2. Nessie

    Paris is burning

    Exactly. The farse of Macron didn't last long.
  3. I have a feeling that this is not just a coincidence... The embryo of this brazilian fascist movement come from June 2013 massive protests, at that very point people took the streets to demonstrate against the political system headed by the left party. The right have hijacked that movement and gradually radicalized the people in hope to win the 2014 ellection, but that effort didn't work as expected and the left won again the presidency that year, so the right intensified even more the propaganda against the left by using a massive scandal of corruption to undermine the government. The president at that time Dilma Rousseff was impeached and the leader of the left workers' party Lula is jailed. This painful process paved the way of the rise of the far-right. Besides those internal circunstances, the crisis on Venezuela have massively intensified. Trump was ellected on the US and the threat of war is looming South America right now. It can't be just coincidence that Jair Bolsonaro won the presidency with the approval hand of Steve Bannon, the man behind the Trump election. The Trump administration have made some kind of a deal with the brazilian far-right to put in place a military subservient government in Brazil, because they have already foreseen a very likely intervention on Venezuela to remove the dictator Nicolas Maduro from power, and also they want to break Brazil from the BRICS, undermining China and Russia from the global geopolitical sphere.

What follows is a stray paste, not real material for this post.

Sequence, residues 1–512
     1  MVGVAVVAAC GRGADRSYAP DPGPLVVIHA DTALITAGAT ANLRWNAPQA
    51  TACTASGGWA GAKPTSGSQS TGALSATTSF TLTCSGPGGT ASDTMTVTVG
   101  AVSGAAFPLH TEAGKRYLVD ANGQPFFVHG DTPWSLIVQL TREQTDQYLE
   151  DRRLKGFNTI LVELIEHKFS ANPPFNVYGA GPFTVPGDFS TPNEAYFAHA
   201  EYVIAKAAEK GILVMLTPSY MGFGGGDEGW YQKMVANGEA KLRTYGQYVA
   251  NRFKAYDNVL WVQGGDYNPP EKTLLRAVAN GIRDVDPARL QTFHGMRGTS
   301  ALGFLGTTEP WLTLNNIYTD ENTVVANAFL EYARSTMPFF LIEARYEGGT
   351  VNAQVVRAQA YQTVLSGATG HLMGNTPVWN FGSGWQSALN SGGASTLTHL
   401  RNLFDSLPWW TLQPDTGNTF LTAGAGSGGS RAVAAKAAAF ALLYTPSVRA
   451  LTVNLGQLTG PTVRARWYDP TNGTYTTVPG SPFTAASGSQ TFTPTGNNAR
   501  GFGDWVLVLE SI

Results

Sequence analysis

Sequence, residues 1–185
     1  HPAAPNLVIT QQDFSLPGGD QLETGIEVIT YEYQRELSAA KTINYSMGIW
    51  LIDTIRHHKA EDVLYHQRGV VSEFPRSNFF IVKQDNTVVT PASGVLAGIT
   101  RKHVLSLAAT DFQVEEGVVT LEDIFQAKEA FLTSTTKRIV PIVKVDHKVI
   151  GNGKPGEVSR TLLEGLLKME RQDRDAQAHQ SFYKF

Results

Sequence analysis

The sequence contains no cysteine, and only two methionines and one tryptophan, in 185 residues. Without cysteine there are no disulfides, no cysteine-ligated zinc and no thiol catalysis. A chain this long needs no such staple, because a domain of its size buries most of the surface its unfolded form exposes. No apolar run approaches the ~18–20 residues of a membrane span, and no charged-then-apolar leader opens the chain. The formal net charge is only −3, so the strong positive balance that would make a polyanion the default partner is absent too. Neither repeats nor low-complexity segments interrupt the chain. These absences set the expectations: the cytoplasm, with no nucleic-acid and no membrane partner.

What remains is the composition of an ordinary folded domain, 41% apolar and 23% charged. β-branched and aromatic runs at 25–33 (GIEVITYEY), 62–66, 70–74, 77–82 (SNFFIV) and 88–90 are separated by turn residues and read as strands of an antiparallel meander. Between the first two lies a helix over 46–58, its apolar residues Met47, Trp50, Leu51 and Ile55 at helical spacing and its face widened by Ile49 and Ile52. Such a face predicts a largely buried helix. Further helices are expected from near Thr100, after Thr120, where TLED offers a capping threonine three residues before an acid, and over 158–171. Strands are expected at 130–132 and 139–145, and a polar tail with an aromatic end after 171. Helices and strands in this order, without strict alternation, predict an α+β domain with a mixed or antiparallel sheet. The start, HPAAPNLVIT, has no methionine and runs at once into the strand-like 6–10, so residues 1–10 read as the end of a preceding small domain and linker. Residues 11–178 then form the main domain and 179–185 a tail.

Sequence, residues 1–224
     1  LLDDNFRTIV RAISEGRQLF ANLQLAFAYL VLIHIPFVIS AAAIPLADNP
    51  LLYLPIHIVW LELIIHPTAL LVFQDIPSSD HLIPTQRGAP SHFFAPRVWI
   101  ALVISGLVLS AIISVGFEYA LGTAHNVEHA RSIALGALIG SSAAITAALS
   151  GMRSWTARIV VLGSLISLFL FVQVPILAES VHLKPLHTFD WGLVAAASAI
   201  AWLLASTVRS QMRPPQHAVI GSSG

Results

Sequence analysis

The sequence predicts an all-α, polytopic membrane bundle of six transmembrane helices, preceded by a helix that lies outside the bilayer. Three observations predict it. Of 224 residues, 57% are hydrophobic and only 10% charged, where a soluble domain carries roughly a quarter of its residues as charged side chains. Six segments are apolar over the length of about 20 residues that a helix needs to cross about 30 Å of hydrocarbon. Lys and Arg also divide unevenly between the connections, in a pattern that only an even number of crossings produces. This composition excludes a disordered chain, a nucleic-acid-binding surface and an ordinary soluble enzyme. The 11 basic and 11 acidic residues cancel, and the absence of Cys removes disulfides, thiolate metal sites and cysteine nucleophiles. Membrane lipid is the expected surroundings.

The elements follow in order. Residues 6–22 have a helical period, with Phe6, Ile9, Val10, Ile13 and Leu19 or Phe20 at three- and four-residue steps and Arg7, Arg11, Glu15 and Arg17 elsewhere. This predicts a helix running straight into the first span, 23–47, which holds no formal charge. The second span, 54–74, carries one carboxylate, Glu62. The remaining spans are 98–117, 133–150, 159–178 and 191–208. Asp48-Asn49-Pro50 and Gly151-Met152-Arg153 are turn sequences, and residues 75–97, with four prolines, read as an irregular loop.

4. We can only hope that it's just rhetorical... but even if he doesn't drag our civil rights through the mud like he has said many times over, the damage has already been done because many people are feeling empowered to openly discriminate minorities...
  5. @Jazzy Jan its a situation we could never have imagine just a few years ago. Its scary how society can plunge to fascism that quickly and makes me wonder if it has always been there... just waiting for the right time to surface. It seems this is some kind of a world fenomenon happening, people are in search of a saviour and looking for enemies everywhere.